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Five-Year-Olds to Learn Programming and Algorithms in Major Computing Curriculum Shake-­p

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A child drawing a network diagram on a blackboard.

Next year, the U.K. will start teaching software basics, including programming and algorithms, to children as young as five years old.


The United Kingdom's Department for Education (DfE) recently overhauled the country's computing curriculum, removing the teaching of software basics such as Microsoft Word and adding programming and algorithm teaching for children as young as five years old.

The new curriculum will be mandatory starting in September 2014, and spans the breadth of all four key stages, beginning when a child first enters school at age five through age 16. Students will be taught to understand what algorithms are, how they are implemented as programs on digital devices, and that programs execute by following precise and unambiguous instructions.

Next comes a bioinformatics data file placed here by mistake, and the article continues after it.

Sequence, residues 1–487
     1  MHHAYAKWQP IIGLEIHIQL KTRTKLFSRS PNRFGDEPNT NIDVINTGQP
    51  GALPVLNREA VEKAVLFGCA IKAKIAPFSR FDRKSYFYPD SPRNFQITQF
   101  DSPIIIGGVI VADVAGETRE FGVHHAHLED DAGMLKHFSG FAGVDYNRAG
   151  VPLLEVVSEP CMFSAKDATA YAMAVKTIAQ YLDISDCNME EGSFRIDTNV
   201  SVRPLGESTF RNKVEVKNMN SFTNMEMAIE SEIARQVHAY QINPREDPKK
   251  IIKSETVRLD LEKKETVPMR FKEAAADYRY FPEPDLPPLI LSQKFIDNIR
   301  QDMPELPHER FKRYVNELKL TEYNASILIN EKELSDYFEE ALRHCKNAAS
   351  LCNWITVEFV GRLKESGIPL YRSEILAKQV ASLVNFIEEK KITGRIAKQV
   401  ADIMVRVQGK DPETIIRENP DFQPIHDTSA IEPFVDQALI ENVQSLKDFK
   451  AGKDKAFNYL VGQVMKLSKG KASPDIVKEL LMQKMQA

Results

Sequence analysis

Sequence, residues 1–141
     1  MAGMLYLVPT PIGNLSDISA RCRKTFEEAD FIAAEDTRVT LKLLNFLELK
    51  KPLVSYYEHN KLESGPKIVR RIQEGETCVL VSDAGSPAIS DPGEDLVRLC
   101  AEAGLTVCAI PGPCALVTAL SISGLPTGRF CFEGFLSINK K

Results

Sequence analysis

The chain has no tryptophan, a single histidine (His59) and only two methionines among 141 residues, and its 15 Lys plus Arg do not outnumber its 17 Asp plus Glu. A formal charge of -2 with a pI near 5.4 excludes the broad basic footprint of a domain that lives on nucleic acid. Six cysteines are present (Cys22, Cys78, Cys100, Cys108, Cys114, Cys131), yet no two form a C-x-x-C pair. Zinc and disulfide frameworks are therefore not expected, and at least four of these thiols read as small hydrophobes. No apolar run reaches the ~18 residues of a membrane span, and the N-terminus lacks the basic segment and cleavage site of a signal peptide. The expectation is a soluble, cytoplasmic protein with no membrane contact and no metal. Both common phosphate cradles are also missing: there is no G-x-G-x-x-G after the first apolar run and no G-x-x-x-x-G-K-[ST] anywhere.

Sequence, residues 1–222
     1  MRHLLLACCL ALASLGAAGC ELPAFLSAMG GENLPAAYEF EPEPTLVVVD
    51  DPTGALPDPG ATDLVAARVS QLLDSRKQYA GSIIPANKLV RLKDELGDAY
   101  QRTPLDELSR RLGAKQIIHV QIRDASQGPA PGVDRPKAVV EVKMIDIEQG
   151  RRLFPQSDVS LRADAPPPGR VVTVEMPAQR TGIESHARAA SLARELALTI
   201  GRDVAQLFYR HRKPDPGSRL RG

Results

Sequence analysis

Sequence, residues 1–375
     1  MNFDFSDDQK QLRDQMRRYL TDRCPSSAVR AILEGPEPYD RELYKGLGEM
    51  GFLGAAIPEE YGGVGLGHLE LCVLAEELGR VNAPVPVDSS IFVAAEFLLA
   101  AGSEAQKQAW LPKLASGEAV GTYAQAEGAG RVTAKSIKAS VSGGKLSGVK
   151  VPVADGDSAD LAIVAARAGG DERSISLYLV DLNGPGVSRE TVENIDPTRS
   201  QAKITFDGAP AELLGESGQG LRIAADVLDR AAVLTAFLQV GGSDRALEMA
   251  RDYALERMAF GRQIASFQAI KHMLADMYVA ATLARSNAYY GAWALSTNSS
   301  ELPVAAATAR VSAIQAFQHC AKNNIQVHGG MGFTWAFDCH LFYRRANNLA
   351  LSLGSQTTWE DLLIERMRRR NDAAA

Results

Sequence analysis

"We are introducing a tougher, more rigorous national curriculum," says Secretary of State for Education Michael Gove. "For the first time children will be learning to program computers. It will raise standards across the board--and allow our children to compete in the global race."

The British Computer Society and the Royal Academy of Engineering wrote the original draft of the new curriculum, and DfE revised it. Students will be expected to create and debug simple programs by the end of key stage one, and they will be taught how to understand computer networks by key stage two.

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